Her fourth full-length record, Little Hells, was released March 3, 2009.[10] receiving praise from many critics.[11] including four-star reviews from magazines such as Mojo, Rolling Stone in France and Germany, Uncut Magazine, and Q Magazine. It received an 8.3 from Pitchfork.[12] The album departed from the earlier folk-based template with the introduction of electronic elements.[2] In early 2010, she contributed backing vocals to Portal of Sorrow, the final album by black metal project Xasthur.[13]

2010-12: Marissa Nadler and The Sister[edit]

On June 14, 2011, an eponymous record was released worldwide on Nadler's own label, Box of Cedar Records.[14] The song "Baby, I Will Leave You in the Morning" was released as a free download on March 8, followed by a subsequent music video.[15] The album was positively received by Pitchfork, which gave it 8.1/10,[16] and it was called "a stellar collection of sullen melodies and lovelorn anecdotes akin to those of Joni Mitchell."[17]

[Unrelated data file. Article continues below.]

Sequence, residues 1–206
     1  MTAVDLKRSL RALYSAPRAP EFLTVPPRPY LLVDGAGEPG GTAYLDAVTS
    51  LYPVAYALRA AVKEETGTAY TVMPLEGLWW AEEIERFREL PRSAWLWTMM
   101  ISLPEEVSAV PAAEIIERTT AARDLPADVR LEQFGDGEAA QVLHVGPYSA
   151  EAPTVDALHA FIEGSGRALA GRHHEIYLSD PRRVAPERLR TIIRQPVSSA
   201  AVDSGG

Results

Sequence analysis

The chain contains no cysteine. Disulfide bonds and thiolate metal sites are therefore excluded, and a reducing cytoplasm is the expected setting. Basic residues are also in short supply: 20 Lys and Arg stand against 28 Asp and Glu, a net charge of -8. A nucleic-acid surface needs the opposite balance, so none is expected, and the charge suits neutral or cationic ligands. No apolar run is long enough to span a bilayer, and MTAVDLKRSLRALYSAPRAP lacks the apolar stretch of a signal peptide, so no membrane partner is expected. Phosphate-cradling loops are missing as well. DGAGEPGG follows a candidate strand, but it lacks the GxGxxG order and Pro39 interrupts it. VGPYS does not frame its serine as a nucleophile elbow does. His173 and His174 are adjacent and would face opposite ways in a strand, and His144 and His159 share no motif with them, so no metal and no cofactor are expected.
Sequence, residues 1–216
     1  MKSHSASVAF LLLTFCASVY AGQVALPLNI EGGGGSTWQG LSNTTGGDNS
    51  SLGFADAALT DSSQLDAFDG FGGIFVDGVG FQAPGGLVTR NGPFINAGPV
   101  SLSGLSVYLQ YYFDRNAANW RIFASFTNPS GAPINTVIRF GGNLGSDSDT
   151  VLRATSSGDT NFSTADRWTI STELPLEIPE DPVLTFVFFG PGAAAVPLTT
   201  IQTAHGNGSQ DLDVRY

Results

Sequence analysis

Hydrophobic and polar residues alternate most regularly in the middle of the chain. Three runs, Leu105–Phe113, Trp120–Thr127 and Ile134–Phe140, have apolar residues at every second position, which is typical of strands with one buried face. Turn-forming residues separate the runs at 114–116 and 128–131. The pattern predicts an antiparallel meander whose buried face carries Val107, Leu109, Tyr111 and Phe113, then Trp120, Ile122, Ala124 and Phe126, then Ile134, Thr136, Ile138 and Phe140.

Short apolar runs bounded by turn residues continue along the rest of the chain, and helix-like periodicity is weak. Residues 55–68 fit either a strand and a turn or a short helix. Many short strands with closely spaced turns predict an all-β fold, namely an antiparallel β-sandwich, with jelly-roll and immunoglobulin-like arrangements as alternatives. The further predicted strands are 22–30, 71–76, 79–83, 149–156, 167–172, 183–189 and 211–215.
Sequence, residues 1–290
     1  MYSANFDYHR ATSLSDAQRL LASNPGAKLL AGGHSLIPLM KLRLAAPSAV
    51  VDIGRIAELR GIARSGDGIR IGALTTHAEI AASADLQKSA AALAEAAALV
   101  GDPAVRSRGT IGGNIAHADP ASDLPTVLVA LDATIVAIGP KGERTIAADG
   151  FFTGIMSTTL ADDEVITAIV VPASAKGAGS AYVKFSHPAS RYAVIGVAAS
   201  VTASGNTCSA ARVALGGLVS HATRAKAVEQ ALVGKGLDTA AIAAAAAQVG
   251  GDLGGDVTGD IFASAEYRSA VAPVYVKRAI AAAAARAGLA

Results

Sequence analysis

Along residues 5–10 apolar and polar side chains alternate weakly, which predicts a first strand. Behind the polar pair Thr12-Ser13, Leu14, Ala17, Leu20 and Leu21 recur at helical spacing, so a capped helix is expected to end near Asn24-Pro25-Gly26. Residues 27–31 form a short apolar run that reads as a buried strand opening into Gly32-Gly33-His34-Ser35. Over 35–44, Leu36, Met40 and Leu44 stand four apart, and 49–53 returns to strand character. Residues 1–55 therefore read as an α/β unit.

On May 29, 2012, she released The Sister, a short eight-song "companion" album to Marissa Nadler.[18] The album was dubbed by Paste Magazine an "impressive concoction of stark minimalism."[17] In this period, Nadler briefly returned to part-time teaching special needs children in the Boston area, explaining that she wanted "to keep busy and help people with my time".[2]

2013-14: Sacred Bones Records and July[edit]

"July is moon music, quiet music, slurp-merlot-in-the-fetal-position music, a slow-burning tapestry of goth-folk torch songs and woozy-pop incantations about love and loss and memory, whispered by the same spirits as Julee Cruise's airy Twin Peaks vocals."